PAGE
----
Mini Oral ANZOS-OSSANZ-AOCO Joint Annual Scientific Meeting 2017

Review of patients requiring iron infusions during a two year period (Jan 2013 – Dec 2014) in an Australian surgical centre. (#202)

Libby McBride 1 2 , rachel moore 2 , Christine Skinner 2 , George Hopkins 2 , Margaret Brooke 2 , Monica Wagenaar 2 , Michelle Graham 2 , Vanessa Jenkin 2
  1. Obesity and Nutrition Solutions., Chapel Hill, QLD, Australia
  2. Obesity and Nutrition Solutions, Chermside, QLD, Australia


Micronutrient deficiencies are a concern after bariatric surgery. Iron deficiency is common in this patient group regardless of surgical procedure. Iron deficiency can be treated effectively with oral supplements, however in some cases an iron infusion is warranted to correct iron levels in patients who don’t respond to or don’t tolerate oral supplements.


Pathology results from patients requiring iron infusions as a consequence of persistently low ferritin in a high volume bariatric surgery centre over a 2 year period were analysed. Patients referred for iron infusion were also referred for dietetic input.


There were 214 revision procedures performed in this surgical centre during the 2 year period. 180 (84%) of these were revising LAGB to GB.  Of the 39 patients requiring iron infusion, 13 warranted infusion prior to a primary surgical procedure (laparoscopic sleeve gastrectomy (LSG) or gastric bypass (GB)). The remaining 26 (66%) patients that received infusions were detected prior to revision bariatric surgery. 18 (46%) of these were conversion from gastric banding (LAGB) to gastric bypass (GB). Therefore 10% of the LAGB patients having revision surgery required an iron infusion to correct low ferritin.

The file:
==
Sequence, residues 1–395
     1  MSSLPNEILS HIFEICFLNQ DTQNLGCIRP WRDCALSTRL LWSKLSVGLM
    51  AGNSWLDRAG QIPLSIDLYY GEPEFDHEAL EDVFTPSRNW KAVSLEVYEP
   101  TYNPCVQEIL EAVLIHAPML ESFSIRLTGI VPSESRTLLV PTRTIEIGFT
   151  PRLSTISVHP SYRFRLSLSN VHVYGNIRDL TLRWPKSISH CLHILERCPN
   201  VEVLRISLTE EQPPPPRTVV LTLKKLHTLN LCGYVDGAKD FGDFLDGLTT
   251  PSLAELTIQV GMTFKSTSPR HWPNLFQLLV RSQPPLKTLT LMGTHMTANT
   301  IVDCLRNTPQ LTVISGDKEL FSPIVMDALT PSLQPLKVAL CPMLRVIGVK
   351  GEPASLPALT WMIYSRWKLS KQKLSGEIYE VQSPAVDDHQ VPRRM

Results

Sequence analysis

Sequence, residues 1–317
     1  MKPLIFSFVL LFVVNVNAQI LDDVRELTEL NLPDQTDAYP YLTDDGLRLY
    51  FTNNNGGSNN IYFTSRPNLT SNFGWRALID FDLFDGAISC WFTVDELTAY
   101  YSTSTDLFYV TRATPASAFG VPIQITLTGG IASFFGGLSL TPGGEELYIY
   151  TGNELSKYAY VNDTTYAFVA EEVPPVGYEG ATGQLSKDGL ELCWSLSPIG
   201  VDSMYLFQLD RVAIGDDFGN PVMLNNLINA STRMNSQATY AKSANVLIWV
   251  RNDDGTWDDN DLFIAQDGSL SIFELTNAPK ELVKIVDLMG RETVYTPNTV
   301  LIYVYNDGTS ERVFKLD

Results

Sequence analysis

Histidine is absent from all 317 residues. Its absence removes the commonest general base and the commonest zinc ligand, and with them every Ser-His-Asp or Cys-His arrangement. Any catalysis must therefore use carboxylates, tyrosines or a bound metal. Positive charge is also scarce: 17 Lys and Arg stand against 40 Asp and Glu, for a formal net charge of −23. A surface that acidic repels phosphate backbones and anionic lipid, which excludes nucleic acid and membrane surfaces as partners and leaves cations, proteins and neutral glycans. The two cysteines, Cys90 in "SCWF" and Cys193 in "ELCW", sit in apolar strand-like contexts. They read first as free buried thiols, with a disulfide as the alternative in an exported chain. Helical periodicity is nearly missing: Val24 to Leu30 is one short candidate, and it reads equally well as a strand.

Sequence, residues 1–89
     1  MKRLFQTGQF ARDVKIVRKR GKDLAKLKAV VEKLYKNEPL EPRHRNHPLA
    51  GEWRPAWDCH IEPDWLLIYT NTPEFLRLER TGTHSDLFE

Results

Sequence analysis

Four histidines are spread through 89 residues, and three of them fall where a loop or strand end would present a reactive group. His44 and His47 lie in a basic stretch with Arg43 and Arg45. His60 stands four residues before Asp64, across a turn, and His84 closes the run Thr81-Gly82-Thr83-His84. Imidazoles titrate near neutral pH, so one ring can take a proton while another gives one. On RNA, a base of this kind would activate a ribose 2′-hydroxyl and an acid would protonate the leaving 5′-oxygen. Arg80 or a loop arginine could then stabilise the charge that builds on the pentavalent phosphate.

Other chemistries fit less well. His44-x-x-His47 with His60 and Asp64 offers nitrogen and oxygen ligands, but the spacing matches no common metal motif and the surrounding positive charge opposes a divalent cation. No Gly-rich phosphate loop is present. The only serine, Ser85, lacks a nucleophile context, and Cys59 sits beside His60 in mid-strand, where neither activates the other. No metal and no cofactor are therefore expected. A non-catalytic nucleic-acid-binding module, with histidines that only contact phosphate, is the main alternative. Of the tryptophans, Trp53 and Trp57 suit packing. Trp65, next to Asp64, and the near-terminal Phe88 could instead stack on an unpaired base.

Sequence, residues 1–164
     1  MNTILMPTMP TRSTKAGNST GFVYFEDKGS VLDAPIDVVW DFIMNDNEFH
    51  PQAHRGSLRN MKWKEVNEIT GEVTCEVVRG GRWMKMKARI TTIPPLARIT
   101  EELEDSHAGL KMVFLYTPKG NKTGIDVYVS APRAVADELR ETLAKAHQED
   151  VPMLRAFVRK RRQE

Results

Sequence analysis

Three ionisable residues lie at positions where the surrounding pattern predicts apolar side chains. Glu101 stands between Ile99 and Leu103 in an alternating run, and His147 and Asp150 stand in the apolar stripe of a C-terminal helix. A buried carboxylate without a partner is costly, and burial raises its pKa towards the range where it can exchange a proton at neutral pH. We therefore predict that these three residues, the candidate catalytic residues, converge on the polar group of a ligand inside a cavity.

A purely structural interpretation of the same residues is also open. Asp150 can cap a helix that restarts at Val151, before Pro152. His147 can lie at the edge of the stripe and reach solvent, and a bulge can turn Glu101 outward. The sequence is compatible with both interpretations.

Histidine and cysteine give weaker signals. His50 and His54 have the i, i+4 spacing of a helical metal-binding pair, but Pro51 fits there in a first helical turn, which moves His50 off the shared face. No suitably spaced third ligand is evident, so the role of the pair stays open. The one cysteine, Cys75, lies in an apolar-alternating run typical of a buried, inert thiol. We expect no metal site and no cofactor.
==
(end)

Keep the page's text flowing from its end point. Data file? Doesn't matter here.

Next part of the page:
LAGB has been widely performed in Australia in recent decades. Many patients with LAGB are now presenting for revision surgery as a consequence of insufficient weight loss, poor food tolerance and reflux. Often these patients have tolerated symptoms for some time before seeking further surgical intervention. They have commonly been lost to follow up by the multi-disciplinary team and may not have had regular dietetic counselling. Our audit results indicate this patient group would benefit from long term follow up to identify poor food tolerance, detect deficiencies early and correct accordingly.